Ohio senators call for action against India's solar panel tariffs

Ohio Sens. Sherrod BrownSherrod BrownOvernight Finance: Trump moves to begin NAFTA talks | Dems press Treasury chief on taxes, Dodd-Frank | Biz leaders want tax changes to be permanent Mnuchin mum as Dems press for answers on tax reform, Dodd-Frank Sherrod Brown looks to defy Trump trend in Ohio MORE (D) and Rob PortmanRob PortmanGOP senators bristle at Trump's Medicaid cuts Overnight Energy: Trump budget takes flak over oil provisions GOP senators knock Trump's budget proposal MORE (R) on Monday urged the Obama administration to challenge India’s recent decision to levy tariffs on U.S. solar panels.

Brown and Portman wrote a letter to U.S. Trade Representative Michael FromanMichael FromanUS will investigate aluminum imports as national security hazard Overnight Finance: WH floats Mexican import tax | Exporters move to back GOP tax proposal | Dems rip Trump adviser's Goldman Sachs payout Froman heads to Council on Foreign Relations MORE saying that the policy will hurt their state’s manufacturers and put them at a competitive disadvantage in international markets.

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"We write to express serious concern about recent action taken by the Indian government that will have harmful consequences for U.S. solar photovoltaic manufacturing facilities and effectively close the Indian solar market to American PV companies,” the senators wrote to Froman.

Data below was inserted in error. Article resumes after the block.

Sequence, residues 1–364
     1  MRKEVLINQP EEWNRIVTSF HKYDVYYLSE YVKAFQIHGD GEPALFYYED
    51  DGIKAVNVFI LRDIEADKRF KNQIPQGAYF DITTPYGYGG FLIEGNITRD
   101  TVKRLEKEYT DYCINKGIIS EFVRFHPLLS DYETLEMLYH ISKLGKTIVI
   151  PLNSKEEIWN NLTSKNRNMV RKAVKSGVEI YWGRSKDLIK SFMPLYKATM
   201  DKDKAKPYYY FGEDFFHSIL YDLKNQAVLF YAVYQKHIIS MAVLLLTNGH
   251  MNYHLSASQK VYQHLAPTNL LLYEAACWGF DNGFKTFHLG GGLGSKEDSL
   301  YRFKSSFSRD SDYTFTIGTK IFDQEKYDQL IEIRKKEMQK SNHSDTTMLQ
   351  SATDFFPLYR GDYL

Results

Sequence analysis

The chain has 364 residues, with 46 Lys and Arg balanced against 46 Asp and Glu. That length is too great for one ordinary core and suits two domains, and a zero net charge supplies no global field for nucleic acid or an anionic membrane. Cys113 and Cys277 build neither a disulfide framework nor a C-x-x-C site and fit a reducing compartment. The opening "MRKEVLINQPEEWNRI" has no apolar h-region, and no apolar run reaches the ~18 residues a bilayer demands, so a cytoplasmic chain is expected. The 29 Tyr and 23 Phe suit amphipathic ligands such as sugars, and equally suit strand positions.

Brown and Portman have asked the trade office to address these issues with India and urge the government to reverse its decision before an Aug. 20 deadline.

“We urge you to engage the Indian government to reverse this action and to challenge their actions at the World Trade Organization (WTO) if they do not.”

They expressed concern about reports that the Indian government’s anti-dumping investigation disregarded data provided by U.S. manufacturers and used certain data to bolster the Indian industry in a way that may have violated WTO rules.

In a final determination, India recently decided to impose duties ranging from $0.11/watt to $0.48/watt against U.S. solar cell and panel products, which "would increase the price of U.S. exports to levels uncompetitive in the growing but fragile Indian energy market."

“Industry participants believe that this duty level would increase the price of U.S. module exports, making them uncompetitive in the highly price-sensitive Indian market,” the letter said.